Water companies win first stage of search providers’ overcharging claim

Water companies have won the first stage of search providers’ High Court claim of overcharging over a period of a decade.

Mr. Justice Richard Smith rejected the claimants’ contention that all the information needed to complete a CON29DW report was ‘environmental information’ (EI) within the meaning of the Environmental Information Regulations 2004 and should have been made available for free or for no more than a reasonable charge.

A majority of the information was not EI, he found.

Buyers’ solicitors routinely use search providers to source the CON29DW Drainage and Water Enquiry for residential property transactions and Commercial Drainage and Water Enquiry (CommercialDW).

There are 14 lead claimants, including all the well-known providers, while the defendants are the nine English water and sewerage utility companies, all of which sell the searches commercially, although Severn Trent and Wessex Water do so through separate companies, both of which are defendants too.

Welsh Water is no longer a defendant, having settled the claim.

On the basis that all of the responses required by the forms is EI, the search providers’ claim is in restitution, asserting that the charges levied were unlawful and/or paid under a mistake of law, and that the water companies have been unjustly enriched.

The damages would amount to the charges made, less what the court determined could have been lawfully charged had the utilities made the information available in compliance with the regulations.

The water companies deny liability, including on the basis that the information is not EI, that the information is not ‘held’ by them or that they are otherwise entitled under the regulations to refuse disclosure.

The stage 1 trial – which lasted just over a month in late 2023 – considered these latter issues rather than the defendants’ liability in unjust enrichment. The parties served 101 witness statements between them, and 36 witnesses gave oral evidence.

In a 178-page ruling, Richard Smith J held that while 11 of the answers were EI, 14 – ranging from water and sewer maps, assets and connections to low water pressure – were not.

He found that some of the information was publicly available and accessible but, again, some was not, while the question about internal flooding was personal data for data protection purposes.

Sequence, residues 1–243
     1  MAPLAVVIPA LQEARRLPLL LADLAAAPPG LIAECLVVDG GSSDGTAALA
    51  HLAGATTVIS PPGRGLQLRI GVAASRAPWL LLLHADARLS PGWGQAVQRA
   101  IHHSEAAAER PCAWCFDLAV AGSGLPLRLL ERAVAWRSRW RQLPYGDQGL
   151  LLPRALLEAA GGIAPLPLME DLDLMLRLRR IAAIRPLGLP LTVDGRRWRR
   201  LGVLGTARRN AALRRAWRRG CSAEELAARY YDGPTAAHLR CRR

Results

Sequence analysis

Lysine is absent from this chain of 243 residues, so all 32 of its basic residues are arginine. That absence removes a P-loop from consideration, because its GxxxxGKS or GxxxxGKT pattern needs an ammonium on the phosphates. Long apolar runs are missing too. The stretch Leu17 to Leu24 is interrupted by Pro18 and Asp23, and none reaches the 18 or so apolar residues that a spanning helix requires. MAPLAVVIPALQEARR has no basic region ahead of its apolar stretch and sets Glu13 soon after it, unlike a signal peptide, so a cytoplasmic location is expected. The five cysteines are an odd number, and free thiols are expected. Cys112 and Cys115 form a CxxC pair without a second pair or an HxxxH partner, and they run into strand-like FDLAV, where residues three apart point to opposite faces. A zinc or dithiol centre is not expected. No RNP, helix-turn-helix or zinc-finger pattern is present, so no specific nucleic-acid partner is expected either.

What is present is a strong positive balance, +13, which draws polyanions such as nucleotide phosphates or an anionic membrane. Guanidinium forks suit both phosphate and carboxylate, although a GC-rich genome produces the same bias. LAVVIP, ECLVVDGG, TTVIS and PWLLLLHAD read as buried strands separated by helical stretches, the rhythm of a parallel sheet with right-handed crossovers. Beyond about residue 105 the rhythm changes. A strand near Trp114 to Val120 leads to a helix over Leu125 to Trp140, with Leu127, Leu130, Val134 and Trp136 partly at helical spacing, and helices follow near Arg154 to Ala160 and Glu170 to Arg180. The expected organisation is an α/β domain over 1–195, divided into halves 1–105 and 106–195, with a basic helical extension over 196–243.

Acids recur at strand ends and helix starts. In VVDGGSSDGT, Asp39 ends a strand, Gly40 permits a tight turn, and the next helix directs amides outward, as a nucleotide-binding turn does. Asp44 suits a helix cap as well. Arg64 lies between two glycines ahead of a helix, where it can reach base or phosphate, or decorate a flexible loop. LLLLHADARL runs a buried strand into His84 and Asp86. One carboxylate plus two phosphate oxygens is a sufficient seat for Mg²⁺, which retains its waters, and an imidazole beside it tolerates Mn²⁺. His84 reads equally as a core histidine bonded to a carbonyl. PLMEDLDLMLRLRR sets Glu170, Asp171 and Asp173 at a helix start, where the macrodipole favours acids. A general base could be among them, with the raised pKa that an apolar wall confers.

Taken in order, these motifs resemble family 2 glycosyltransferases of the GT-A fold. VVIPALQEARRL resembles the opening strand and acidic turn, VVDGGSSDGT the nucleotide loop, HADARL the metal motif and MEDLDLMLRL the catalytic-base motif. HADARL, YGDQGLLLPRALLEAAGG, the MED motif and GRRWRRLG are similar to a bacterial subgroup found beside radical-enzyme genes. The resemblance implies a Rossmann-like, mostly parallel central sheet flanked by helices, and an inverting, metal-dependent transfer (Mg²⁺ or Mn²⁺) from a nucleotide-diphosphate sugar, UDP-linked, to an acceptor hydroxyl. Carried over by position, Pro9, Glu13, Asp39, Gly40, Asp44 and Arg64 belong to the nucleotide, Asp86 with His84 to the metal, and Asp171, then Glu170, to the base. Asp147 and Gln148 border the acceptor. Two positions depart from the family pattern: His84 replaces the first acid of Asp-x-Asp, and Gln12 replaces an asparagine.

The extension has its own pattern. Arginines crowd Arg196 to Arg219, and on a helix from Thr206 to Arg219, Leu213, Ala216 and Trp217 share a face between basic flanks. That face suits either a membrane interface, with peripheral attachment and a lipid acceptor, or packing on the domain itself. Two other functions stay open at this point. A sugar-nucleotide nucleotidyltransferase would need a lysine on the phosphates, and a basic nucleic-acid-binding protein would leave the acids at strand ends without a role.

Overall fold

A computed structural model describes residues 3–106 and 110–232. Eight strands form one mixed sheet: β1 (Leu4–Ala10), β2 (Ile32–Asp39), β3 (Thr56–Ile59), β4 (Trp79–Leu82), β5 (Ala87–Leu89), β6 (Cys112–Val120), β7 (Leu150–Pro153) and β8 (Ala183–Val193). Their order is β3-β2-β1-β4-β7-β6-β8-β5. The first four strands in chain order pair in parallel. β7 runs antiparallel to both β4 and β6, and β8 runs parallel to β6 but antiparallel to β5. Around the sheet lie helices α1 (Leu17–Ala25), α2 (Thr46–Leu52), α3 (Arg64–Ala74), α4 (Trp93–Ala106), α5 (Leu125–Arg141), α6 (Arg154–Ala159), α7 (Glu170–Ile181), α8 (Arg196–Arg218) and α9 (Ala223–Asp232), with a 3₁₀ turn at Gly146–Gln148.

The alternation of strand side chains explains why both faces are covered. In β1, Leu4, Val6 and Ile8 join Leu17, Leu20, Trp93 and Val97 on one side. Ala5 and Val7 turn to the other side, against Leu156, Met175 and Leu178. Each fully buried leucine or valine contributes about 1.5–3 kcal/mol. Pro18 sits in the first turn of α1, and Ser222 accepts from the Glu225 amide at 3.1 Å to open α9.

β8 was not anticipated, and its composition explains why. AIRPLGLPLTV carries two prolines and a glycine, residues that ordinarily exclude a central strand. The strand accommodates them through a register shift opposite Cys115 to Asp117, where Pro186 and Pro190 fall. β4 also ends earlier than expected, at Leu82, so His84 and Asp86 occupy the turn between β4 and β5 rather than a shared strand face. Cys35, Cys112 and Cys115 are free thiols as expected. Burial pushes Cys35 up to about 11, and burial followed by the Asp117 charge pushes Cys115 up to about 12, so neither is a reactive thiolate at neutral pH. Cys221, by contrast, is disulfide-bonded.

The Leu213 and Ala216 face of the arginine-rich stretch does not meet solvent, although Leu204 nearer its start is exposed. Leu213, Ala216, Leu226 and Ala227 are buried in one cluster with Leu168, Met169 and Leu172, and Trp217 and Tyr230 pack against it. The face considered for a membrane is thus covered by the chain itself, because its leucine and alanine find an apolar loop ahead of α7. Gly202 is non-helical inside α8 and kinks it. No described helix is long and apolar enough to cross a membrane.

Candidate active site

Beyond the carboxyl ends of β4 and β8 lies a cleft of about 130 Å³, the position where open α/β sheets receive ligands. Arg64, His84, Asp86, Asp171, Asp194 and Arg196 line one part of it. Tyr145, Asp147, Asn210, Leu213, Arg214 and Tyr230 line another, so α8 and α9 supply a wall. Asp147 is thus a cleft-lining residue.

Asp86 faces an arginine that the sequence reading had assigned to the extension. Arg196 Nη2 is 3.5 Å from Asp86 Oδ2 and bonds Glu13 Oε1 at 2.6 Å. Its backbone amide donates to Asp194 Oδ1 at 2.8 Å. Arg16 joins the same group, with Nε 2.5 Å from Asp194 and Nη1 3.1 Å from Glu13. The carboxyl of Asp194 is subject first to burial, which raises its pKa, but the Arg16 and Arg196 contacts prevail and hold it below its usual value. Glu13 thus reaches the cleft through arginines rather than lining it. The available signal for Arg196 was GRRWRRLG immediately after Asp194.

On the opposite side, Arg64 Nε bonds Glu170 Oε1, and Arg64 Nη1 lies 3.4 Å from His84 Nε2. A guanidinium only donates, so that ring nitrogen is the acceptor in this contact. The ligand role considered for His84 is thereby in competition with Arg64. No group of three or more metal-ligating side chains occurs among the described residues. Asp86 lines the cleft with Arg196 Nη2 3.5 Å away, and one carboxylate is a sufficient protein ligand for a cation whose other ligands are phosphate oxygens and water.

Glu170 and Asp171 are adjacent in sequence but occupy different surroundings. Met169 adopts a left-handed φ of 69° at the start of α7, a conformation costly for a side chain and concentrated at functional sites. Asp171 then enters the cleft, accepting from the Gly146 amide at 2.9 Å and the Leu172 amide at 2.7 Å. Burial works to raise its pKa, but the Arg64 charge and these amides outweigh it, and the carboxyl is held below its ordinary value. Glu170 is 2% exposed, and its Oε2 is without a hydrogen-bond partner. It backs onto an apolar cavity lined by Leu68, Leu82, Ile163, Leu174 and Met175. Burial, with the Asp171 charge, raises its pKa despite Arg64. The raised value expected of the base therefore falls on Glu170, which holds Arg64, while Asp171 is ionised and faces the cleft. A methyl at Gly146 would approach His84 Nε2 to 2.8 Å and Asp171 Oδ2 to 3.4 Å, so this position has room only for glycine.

The result was that the regulations did not govern orders for the reports or the amount that could be charged for them.

The judge said:

“No question of severance or apportionment of charges arises because customers were paying for the commercial service encompassing and implicating all the information contained in the report, whether or not some of it also happened to be EI.”

He accepted that, when the water companies satisfied CON29DW orders, “they were doing considerably more than meeting requests for (in this case, some) EI”; the reports were a commercial service, pursuant to contract – something the search companies did not dispute.

The judge continued:

“Indeed, although they question the value of some elements, they accept ‘the basic facts that the defendants provide the product with a relatively short turnaround time, that they undertake checking and quality control internally, that certain guarantees are offered, albeit the liability is limited in various material ways, and… that the defendants are in general willing to deal with follow-up queries and enquiries once someone has actually purchased a CON29DW’.”

Richard Smith J also held that the assurances provided as to the accuracy of the information provided in a CON29DW were far stronger than required by the regulations.

Indeed, someone ordering a CON29DW report “is seeking something very different” from that sought under the regulations, “such that attempted parallels between the two are not meaningful”.

As a result, he held that the level of charges levied for the searches was “a matter entirely” for the water companies to decide.

The judge concluded by suggesting that the case could now be settled:

“It is striking that more than 10 years have passed since the first CON29DW in this case was purchased, more than four since the issue of the first claim form.

“Despite this, the claimants’ position indicated at the start of a month-long trial was effectively that the defendants had got the ‘wrong end of the stick’ and that many of the issues were not relevant to their case despite the parties working for years towards their determination.

“Something has gone wrong here, and I trust that all parties will reflect on my findings and give meaningful consideration to whether this dispute is now capable of resolution other than through the court’s process.”

A spokesman for the claimants said:

“We are pleased that the court agreed with some important aspects of the claim on environmental information and believe this to be a matter of public importance.

“As we now consider our legal options ahead of a stage 2 trial, we note the court’s guidance to give meaningful consideration to whether this dispute is now capable of resolution and hope that the defendant water companies can do the same.”


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